Tree of Heaven...or Hell?

Diposting oleh alexandria joseph | 02.00

This is a really fun tree to have around....or maybe not.  When I saw the title, I began to laugh because in some parts of our country, this plant grows like a weed!!!  In my home state of Wisconsin, I've seen this plant take off.  Here in Tucson, it's no threat.  It can take the heat and if permitted, it will spread with an invasive root structure.  Personally I love this plant and put it in a side garden near the parking lot. The area is contained and the plant can't go anywhere.  I'm not really sure what to do with that space and I'm hoping that this plant will spread out over the area and take over through the vegetative sprout process.  The first year, I didn't really see any progress, but it is around 3 years old now and has put on height and put out several little sprouts. In summer, it has a beautiful tropical look and in winter, it will lose its leaves.  However, at the end of March or beginning of April, this tree will start leafing out and growing.  In spring, the Tree of Heaven and Ash Tree will put on some height.....and then stop until the next season. There is a place in Arizona overtaken by this plant and that's where I got the idea for using the Tree of Heaven.  The town is Jerome and one of these days I'll take my camera and do a shoot in this popular mining ghost town. Most importantly this plant is considered invasive in many disturbed areas around the US and other countries and I think you should keep that in mind when putting it into the ground.  Some would say, "Don't do it."  It's not native and was introduced by a Philadelphia Gardener in 1784.  This plant has a lot of history and a lot of information. In Tucson, I don't see this plant as a problem because our ground is clay and hard so the plant can't spread too far.  However, if you break up the soil around garden areas, it will spread out.  Several areas near the downtown area have fantastic examples of this plant growing in groves.  I'll be looks nice. Here is some information on this both loved and hated plant that originates from China......

"The tree occurs as male and female, it can reproduce sexually (seeds) and asexually (vegetative sprouts) seeds are produced by the female trees in late summer to early fall. Can produce up to 350,000 seeds per tree yearly. Seedlings establish a taproot three months from germination. Established trees produce suckers from roots and re-sprout from cut stumps and root fragments.  Crushed leaves smell like burnt peanut butter. The plant produces a toxin in its bark and leaves which accumulates in the soil which inhibits growth of other plants." Good to know.  Source:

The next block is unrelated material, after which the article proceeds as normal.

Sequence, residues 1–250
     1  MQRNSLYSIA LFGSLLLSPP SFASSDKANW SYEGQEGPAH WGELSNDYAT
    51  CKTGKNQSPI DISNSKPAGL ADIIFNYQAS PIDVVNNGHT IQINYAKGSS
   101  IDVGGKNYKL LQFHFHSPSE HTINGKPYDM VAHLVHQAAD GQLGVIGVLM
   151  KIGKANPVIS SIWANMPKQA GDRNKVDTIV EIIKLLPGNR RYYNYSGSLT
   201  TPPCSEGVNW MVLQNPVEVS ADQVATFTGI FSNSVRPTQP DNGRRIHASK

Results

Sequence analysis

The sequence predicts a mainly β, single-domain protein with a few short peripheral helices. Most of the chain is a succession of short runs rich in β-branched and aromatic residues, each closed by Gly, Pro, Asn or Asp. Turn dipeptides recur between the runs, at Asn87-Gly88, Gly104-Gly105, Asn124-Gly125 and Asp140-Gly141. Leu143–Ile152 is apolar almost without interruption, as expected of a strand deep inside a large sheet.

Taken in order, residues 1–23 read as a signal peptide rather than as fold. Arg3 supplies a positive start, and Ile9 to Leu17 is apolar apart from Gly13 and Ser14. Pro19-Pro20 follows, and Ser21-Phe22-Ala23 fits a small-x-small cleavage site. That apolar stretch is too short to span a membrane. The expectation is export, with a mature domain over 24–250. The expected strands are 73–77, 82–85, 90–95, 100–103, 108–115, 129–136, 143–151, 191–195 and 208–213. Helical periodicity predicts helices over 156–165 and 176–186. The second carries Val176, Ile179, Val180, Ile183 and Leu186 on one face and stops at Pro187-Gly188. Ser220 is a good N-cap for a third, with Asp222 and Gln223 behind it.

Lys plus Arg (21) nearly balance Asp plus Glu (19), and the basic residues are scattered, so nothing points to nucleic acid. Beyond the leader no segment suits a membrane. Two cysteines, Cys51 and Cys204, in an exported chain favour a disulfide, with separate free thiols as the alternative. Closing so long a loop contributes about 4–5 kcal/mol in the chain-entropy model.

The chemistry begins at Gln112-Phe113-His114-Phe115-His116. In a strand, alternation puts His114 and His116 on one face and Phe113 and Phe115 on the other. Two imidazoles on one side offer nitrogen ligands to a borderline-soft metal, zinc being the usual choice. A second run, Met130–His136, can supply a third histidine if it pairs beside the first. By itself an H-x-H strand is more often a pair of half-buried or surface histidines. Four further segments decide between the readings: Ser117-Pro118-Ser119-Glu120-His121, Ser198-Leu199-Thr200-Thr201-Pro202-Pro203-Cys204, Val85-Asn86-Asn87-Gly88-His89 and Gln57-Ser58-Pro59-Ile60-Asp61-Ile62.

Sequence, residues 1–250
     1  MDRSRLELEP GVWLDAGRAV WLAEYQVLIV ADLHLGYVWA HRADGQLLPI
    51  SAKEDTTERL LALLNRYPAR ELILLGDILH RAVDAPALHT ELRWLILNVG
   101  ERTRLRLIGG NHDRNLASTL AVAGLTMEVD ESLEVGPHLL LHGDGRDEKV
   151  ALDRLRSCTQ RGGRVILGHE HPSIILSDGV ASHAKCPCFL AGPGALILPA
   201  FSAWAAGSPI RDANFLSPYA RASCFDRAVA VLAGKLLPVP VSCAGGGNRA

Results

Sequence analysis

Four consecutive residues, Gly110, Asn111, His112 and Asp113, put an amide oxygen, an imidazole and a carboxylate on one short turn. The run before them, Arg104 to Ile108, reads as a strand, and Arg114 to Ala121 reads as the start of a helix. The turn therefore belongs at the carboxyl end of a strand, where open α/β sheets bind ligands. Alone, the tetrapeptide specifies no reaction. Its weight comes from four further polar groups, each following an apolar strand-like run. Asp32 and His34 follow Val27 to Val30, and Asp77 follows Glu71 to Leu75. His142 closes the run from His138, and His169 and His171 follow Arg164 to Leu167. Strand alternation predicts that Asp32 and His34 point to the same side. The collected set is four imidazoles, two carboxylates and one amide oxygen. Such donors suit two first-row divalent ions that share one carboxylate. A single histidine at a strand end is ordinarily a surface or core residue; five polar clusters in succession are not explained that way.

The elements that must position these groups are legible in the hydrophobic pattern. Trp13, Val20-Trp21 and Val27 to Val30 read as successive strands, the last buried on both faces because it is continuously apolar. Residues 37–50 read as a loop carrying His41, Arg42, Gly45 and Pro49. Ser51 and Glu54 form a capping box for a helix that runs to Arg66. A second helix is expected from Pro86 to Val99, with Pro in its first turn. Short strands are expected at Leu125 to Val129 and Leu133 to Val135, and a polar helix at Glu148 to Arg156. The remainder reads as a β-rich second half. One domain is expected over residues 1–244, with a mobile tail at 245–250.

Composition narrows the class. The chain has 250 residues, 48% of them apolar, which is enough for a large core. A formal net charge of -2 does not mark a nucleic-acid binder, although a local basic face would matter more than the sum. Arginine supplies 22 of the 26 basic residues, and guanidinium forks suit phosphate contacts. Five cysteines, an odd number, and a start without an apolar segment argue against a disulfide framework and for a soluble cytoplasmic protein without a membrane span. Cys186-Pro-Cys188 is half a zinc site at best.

Not everything about this tree is bad.  The silkworm needs this tree.  Interesting note from a previous post and perhaps just a question.  Why is the silkmoth attracted to two trees that are considered obnoxious by gardeners in the landscape? The other tree is the mulberry:) Hey, people use silk so these trees aren't all that bad. The wood is also used plus this tree has medicinal value.  Things like dysentery, intestinal hemorrage, and cardiac palpitation can be treated with this plant and today the Chinese still use the Tree of Heaven for these ailments and more! Overall, I think it's poisoness:)

One last note before I leave you to judge me for an irresponsible post on an invasive plant:) This tree has been used across America and in other countries to absorb the pollution of large cities and mining areas. "Ailanthus is among the most pollution-tolerant of tree species, including sulfur dioxide, which it absorbs in its leaves. It can withstand cement dust and fumes from coal tar operations, as well as resist ozone exposure relatively well. Furthermore, high concentrations of mercury have been found built up in tissues of the plant. Ailanthus has been used to re-vegetate areas where acid mine drainage has occurred and it has been shown to tolerate pH levels as low as 4.1 (approximately that of tomato juice). It can withstand very low phosphorus levels and high salinity levels. The drought-tolerance of the tree is strong due to its ability to effectively store water in its root system.  It is frequently found in areas where few trees can survive. The roots are also aggressive enough to cause damage to subterranean sewers and pipes. Along highways it often forms dense thickets in which few other tree species are present, largely due to the toxins it produces to prevent competition." End of article. Source and for a much more comprehensive read on this plant......

Could this tree be the cockroach, pigeon, or Cher of the plant world? A tree that survives a nuclear holocaust? Is this a tree for Tucson?  I'm not going to answer that question.  I purchased my plant from Mesquite Valley and love it.  It grows in Tucson and that's all I'm going to say:)

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